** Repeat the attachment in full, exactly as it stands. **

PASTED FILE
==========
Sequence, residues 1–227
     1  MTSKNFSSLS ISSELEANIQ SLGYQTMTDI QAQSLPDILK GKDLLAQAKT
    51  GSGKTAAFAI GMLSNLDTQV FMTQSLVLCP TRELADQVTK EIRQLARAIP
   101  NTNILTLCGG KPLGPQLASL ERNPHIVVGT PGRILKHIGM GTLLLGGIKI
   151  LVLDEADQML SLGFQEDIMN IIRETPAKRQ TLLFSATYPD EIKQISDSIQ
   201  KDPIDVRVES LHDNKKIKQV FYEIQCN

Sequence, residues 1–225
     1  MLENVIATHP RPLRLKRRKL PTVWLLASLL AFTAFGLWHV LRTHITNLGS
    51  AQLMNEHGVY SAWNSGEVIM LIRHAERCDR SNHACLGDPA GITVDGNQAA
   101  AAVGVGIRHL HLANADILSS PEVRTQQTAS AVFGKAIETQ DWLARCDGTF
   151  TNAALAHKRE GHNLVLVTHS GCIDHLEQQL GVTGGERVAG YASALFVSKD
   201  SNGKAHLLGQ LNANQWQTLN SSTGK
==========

Sequence, residues 1–227
     1  MTSKNFSSLS ISSELEANIQ SLGYQTMTDI QAQSLPDILK GKDLLAQAKT
    51  GSGKTAAFAI GMLSNLDTQV FMTQSLVLCP TRELADQVTK EIRQLARAIP
   101  NTNILTLCGG KPLGPQLASL ERNPHIVVGT PGRILKHIGM GTLLLGGIKI
   151  LVLDEADQML SLGFQEDIMN IIRETPAKRQ TLLFSATYPD EIKQISDSIQ
   201  KDPIDVRVES LHDNKKIKQV FYEIQCN

Sequence, residues 1–225
     1  MLENVIATHP RPLRLKRRKL PTVWLLASLL AFTAFGLWHV LRTHITNLGS
    51  AQLMNEHGVY SAWNSGEVIM LIRHAERCDR SNHACLGDPA GITVDGNQAA
   101  AAVGVGIRHL HLANADILSS PEVRTQQTAS AVFGKAIETQ DWLARCDGTF
   151  TNAALAHKRE GHNLVLVTHS GCIDHLEQQL GVTGGERVAG YASALFVSKD
   201  SNGKAHLLGQ LNANQWQTLN SSTGK